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Re: HBase releases...
lars hofhansl 2011-10-12, 06:19
I just wrote in parallel response to Jesse that I am not a big fan of
time based releases :)

The way you describe it it makes sense, though.

o we'd branch at given intervals (once a week/month/quarter/whatever)
o some releases will turn out to be good ones, users could standardize on those

o we would only provide updates in a form of a new release, or maybe a dev and stable release
Might be hard to get bigger features in that way; although Linux
manages that with merge windows.
Seems like this'd be a big shift. Hence my softer approach to just change
a bit what 'it feels right' means.

-- Lars
----- Original Message -----
From: Todd Lipcon <[EMAIL PROTECTED]>
To: dev@hbase.apache.org
Sent: Tuesday, October 11, 2011 11:02 PM
Subject: Re: HBase releases...

I was discussing this with a few other contributors a while back. In
my mind there are two ways to do it:

a) feature based releases that we test the crap out of and decide are
stable. We can't really do this more than once a year, I don't think.
b) time based releases where we make few guarantees beyond "it appears
to work". We assume that once a year or so, major users and
distributors latch on to one of these that feels good, and start
maintaining it as a stable/maintenance series.

B is the Linux model. No one in their right mind runs the latest
kernel.org in production - but certain vintages of kernel gather
enough folks around them, pick up a stable maintainer, etc, and after
a while become pretty rock solid. For example, 2.6.18 and 2.6.32 seem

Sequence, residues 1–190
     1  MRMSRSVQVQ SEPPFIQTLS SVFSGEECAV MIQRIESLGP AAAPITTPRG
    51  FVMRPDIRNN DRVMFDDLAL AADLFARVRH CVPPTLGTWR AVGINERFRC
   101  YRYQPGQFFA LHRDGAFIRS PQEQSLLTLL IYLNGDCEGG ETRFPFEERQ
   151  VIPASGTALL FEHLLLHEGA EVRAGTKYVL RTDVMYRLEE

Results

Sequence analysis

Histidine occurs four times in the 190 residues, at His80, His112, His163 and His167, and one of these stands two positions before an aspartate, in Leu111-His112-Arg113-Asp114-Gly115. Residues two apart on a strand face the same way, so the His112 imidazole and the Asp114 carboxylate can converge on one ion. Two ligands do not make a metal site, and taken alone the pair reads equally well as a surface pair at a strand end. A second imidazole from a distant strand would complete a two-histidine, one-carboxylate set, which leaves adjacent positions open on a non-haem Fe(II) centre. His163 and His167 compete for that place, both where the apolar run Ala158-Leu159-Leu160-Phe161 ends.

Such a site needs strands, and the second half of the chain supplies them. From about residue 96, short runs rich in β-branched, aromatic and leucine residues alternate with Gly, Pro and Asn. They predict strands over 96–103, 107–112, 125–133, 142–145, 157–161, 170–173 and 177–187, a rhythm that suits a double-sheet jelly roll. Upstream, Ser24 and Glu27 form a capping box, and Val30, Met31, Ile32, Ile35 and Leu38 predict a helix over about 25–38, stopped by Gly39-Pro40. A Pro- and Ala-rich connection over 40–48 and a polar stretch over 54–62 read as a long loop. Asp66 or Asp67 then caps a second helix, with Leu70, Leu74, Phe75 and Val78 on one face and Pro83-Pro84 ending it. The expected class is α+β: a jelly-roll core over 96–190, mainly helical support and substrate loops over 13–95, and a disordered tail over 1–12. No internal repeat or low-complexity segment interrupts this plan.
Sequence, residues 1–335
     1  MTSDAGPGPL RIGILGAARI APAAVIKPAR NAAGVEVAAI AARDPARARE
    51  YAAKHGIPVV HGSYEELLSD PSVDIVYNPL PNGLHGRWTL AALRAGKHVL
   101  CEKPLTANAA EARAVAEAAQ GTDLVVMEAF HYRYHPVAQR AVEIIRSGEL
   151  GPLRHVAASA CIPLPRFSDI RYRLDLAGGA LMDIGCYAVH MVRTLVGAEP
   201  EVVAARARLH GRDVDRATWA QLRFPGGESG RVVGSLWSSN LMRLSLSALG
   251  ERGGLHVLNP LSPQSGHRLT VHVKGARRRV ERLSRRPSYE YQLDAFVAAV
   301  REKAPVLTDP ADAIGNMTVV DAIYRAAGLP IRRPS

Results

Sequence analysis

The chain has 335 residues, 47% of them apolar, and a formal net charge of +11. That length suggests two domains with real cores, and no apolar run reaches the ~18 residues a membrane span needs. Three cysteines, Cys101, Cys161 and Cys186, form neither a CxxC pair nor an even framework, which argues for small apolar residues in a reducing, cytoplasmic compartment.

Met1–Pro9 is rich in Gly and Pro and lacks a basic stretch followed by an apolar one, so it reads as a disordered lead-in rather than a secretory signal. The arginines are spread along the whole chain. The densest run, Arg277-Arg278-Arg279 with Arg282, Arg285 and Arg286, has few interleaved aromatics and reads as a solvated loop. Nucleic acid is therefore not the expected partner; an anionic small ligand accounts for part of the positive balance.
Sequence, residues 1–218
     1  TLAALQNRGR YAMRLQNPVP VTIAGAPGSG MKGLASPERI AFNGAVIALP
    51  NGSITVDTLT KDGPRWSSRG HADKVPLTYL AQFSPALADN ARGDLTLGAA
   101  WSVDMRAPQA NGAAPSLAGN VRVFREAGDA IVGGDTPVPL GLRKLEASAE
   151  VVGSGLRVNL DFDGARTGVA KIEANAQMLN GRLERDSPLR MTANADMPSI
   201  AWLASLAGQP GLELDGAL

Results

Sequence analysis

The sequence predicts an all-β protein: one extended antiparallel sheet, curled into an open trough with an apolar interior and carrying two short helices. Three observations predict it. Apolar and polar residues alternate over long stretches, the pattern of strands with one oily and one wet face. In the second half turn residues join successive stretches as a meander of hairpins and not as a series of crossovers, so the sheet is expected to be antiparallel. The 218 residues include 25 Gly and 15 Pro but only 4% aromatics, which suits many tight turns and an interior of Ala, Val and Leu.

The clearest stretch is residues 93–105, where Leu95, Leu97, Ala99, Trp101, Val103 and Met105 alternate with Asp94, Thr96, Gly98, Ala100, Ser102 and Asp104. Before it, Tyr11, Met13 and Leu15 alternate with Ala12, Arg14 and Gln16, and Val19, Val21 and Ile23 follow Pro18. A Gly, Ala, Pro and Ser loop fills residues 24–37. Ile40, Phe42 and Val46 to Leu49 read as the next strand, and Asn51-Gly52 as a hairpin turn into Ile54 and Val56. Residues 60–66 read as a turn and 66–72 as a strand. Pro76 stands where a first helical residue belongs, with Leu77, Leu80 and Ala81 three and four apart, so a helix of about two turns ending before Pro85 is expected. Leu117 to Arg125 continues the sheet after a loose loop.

to be popular kernel vintages.

I'm personally of the mind that B is the more reasonable model. Keeps
a release train ticking all the time, allows experimental users to get
new features fast, and avoids the burden of feeling that any release
we do has to be perfect. It's also often hard to say what "vintage"
will be good until it's been out in the wild for a little while - for
example, the 0.89.20100621 dev release turned out to be pretty decent
despite being branded as a dev release. The later releases in that
series had some more major problems.

The risk with the "B" model is that everyone might end up on different
versions, making it very hard to support the user community, etc. This
might be partially ameliorated by some clear descriptions on the
download/release pages which delineate which are stable/recommended
releases and which are just time-based.

On Tue, Oct 11, 2011 at 10:42 PM, Jesse Yates <[EMAIL PROTECTED]> wrote:
> I see a couple other dimensions as well, and mostly they revolve around the
> user community.
> If we can release more frequently, with truly stable releases, then more
> people will be more likely to run clusters with codebases that are closer to
> trunk. Therefore they will have more benefits like bug fixes and performance
> increases without the worry that they are running unstable/buggy code.
> However, there is a big 'if' here - if we can make sure that the builds that
> go out frequently are really rock solid.
> I think in the past we have had a good track record with putting out stable
> releases, especially given the amount of testing that people in dev are
> doing on real, big clusters (thanks everyone!).
> This then presents the problem of maintaining a _ton_ of branches compounded
> by the difficulty of adding in a sweeping feature (coprocessor-style). That
> was a huge pain to integrate (awesome job getting it in - super excited to
> see .92 go out with it).
> Lars, are you proposing that we stick to more of a time based schedule
> rather than a 'it feels right' mechanism? I worry that we can get caught in
> between making some really good changes and then having essentially a
> half-baked release come out. That will hurt credibility with end users if we
> say yeah, you could you release "x", but you might as well wait till "x+1"
> cause some really good stuff is coming in then. Then why did we take the
> time to release it in the first place?

Todd Lipcon
Software Engineer, Cloudera